Also in December, Trump signed a bill that supporters say will boost the U.S. efforts to aid Christians and other religious minorities who were victimized by the Islamic State’s genocide in Iraq and Syria that began in 2014.
The bipartisan legislation took nearly two years to pass through Congress after it was introduced by Rep. Chris Smith, R-N.J., in January 2017. The legislation failed to pass in the 114th Congress but passed unanimously through the Senate and the House in the final months of 2018.
The legislation authorizes the U.S. government to fund nonprofits (including faith-based groups), charities and NGO’s who are directly involved in providing humanitarian and recovery aid to Christians and other religious minorities communities displaced from their ancient homelands in Iraq and Syria.
The legislation also directs the U.S. government to address humanitarian needs that could force even more religious minorities to flee from the region. The legislation also calls on the State Department to aid entities looking to hold Islamic State terrorists accountable for their crimes against humanity. .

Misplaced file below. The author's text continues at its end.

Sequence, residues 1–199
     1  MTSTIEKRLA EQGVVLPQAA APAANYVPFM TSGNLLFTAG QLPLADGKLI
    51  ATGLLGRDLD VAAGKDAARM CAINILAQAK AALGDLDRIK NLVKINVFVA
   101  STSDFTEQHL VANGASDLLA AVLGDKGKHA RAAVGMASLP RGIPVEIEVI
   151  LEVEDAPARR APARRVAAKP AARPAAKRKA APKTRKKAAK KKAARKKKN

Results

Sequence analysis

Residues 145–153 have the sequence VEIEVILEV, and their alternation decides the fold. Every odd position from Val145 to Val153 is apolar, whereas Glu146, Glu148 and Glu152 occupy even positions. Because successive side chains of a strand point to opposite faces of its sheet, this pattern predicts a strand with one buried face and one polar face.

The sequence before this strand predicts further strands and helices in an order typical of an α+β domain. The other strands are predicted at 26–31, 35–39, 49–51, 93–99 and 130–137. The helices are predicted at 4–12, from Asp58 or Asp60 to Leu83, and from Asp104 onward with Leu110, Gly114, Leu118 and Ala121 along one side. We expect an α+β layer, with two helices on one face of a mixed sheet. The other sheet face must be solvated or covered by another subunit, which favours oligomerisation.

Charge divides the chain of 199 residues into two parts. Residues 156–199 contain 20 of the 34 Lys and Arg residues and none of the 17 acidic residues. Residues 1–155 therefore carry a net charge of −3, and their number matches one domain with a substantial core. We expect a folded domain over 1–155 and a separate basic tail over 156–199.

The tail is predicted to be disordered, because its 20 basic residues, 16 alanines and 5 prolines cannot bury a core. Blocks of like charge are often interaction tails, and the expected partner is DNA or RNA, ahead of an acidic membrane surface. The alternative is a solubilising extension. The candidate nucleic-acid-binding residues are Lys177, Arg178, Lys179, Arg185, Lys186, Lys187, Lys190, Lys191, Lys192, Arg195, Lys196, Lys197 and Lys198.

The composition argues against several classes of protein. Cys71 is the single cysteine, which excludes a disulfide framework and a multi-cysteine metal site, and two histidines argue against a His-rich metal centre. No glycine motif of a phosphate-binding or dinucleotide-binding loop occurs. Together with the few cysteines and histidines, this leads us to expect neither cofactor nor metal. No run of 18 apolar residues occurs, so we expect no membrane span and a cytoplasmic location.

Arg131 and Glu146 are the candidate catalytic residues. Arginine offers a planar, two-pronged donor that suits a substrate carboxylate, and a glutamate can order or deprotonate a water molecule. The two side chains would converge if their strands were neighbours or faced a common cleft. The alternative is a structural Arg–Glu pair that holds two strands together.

Concerns were raised by Iraqi Christian leaders earlier in the year that Christian communities were still not receiving aid from the U.S. government despite the Trump administration’s promise to bypass the United Nations to provide aid directly to groups working with persecuted Christians in Iraq and Syria.
“There has been a noticeable change since August with the arrival of the special envoy from the vice president to oversee the aid program in Northern Iraq,” Bashar Warda, the Chaldean Catholic Archbishop of Erbil, Iraq told The Christian Post last month. “Aid has begun to move into the affected towns and people are beginning to see a difference. We are still waiting for some of the most important projects which we put forward but I understand that we will begin to see funding for these programs before Christmas from the joint program of USAID and the Knights of Columbus.”